The hot melt adhesive composition to which the glitter is added is preferably a mixture of ethylene-vinyl acetate copolymers having varying melt indices and a tackifying resin. Preferably, the operating temperature of the adhesive composition is less than about 320° F.
The amount of the glitter to be added to the adhesive composition depends on the intended application and the desired covering ability. The presence of the glitter does not normally affect the adhesive properties, and the main effect is the altering of the appearance of the material. The glitter does change some physical characteristics of the adhesive, however. For example, the preferred glitter absorbs electromagnetic energy in the microwave region.
This feature of the adhesive permits it to be heated (or reheated) to the application temperature range in a commonly available microwave oven. For example, a microwave safe syringe-type applicator containing the glitter adhesive material may be placed in the microwave oven to heat the adhesive to application temperature. As well, there are alternative applicator designs that are transparent to microwaves and allow heating of the glitter glue in a microwave oven. The use of syringe-type applicators and microwave heating permits the easy use of a variety of colored adhesives.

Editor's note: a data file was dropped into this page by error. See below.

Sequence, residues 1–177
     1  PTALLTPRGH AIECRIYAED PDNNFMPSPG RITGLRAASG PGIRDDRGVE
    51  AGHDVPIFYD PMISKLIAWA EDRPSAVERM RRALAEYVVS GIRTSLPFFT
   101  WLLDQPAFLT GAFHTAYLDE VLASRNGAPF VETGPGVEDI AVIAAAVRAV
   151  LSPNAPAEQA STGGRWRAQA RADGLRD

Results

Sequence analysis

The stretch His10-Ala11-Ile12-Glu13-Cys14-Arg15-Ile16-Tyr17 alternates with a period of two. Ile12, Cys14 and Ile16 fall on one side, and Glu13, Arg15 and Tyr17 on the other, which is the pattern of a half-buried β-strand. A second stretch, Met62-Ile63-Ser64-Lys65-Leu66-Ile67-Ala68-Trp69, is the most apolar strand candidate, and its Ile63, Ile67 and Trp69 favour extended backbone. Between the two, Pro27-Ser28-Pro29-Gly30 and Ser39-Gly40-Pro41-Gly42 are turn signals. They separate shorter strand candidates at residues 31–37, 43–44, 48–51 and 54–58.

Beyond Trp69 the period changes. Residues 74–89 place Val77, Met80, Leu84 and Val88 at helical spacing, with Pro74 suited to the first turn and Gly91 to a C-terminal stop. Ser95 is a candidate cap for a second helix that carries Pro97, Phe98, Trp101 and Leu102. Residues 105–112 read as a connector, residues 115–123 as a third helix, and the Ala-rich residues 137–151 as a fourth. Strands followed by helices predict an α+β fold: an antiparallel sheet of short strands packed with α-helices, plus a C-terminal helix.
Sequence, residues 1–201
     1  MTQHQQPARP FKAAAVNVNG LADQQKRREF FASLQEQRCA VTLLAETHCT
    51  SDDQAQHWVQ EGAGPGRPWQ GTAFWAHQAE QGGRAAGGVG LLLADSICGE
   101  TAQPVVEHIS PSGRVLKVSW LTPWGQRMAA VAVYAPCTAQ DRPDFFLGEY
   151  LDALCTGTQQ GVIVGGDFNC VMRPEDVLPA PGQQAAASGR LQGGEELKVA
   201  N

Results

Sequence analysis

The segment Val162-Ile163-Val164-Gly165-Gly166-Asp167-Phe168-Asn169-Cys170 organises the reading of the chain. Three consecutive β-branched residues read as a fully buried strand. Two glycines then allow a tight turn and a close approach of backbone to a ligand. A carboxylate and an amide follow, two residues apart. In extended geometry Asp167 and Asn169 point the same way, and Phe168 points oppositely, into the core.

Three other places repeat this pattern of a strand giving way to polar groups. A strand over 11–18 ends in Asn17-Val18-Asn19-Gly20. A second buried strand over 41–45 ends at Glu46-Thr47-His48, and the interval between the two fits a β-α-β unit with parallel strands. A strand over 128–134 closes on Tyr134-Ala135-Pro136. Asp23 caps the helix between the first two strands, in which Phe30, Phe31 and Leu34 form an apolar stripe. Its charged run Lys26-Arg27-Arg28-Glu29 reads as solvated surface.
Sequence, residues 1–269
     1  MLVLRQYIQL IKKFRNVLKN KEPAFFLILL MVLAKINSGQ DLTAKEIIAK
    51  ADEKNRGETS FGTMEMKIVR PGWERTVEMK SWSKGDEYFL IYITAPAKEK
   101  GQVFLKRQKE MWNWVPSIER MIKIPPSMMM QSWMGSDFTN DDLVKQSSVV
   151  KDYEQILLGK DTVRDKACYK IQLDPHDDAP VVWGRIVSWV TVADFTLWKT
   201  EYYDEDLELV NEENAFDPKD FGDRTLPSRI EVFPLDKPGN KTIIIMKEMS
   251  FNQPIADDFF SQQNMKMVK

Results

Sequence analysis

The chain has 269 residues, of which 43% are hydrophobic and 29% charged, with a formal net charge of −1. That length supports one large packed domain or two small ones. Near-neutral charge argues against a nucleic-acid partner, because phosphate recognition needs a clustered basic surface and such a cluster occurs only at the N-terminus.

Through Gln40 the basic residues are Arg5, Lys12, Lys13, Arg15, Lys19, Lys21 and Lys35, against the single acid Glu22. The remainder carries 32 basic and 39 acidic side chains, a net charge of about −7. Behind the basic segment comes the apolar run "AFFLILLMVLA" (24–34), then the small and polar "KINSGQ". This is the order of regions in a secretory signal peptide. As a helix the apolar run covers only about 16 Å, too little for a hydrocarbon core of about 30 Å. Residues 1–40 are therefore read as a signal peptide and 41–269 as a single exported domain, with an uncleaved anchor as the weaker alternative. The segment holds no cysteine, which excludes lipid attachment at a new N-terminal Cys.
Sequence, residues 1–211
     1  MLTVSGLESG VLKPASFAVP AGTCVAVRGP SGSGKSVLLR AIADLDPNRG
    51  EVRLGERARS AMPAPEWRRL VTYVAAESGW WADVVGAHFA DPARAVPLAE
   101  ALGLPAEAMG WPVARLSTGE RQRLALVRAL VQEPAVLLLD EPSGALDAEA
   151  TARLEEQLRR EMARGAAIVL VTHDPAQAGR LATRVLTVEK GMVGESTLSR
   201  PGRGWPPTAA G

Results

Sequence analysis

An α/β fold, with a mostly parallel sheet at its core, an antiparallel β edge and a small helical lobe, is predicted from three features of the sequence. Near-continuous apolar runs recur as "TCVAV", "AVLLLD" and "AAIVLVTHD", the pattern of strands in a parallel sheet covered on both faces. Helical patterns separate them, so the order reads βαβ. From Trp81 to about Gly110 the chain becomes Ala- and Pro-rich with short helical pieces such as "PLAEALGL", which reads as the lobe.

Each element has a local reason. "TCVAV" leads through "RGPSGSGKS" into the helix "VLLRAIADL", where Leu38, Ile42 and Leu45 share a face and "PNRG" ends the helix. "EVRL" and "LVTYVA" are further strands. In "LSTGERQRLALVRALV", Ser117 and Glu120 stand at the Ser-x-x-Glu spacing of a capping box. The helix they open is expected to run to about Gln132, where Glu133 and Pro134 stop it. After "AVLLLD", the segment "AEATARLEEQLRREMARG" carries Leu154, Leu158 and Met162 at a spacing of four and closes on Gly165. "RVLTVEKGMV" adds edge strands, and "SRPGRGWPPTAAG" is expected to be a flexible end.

The amount of the glitter material contained in the adhesive will affect the amount of energy which is absorbed and, thus, the time required to heat the material to the preferred application temperature. It has been found that glitter in the amount of 5% by weight of the composition is adequate to permit heating in a microwave oven in a reasonable amount of time, e.g. about three minutes. An amount as low as 2% will cause heating, but the time is generally too long. About 10% is preferred to provide good color and rapid heating. Accordingly, a preferred composition for microwave heating includes at least 5% glitter.
While glitter does not generally enhance the adhesive properties of a hot melt adhesive, it does greatly enhance the appearance of the adhesive and improves its ability to visually cover the substrate on which is applied with a brilliantly colored material and, thus, to provide a decorative coating not otherwise available. An advantage of this composition in comparison with a liquid, such as paint or liquid glue, having glitter is that the liquid is adversely affected by the presence of the glitter because the glitter prevents proper drying or curing of the liquid. The hot melt composition of the invention, however, does not suffer from that disadvantage because its hardening and adhesive properties are a function of temperature, which is not affected by the presence of the glitter.
The preferred films of the invention are also flexible enough to be applied to a variety of substrates including flexible substrates, such as fabric.
Applicant has found that concentrations of glitter in the range of 10%-20% by weight of the hot melt adhesive provide good hiding and brightness without significantly causing low temperature film cracking. Concentrations of glitter as high as 30% have been found useful, but the film cracking of compositions having 25%-30% glitter occurs at relatively high temperatures (e.g., 35°-40° F.) using Adhesive Technologies' test method AT-3. Concentrations of glitter as high as 30%-40% may be useful if flexibility of the adhesive is not required.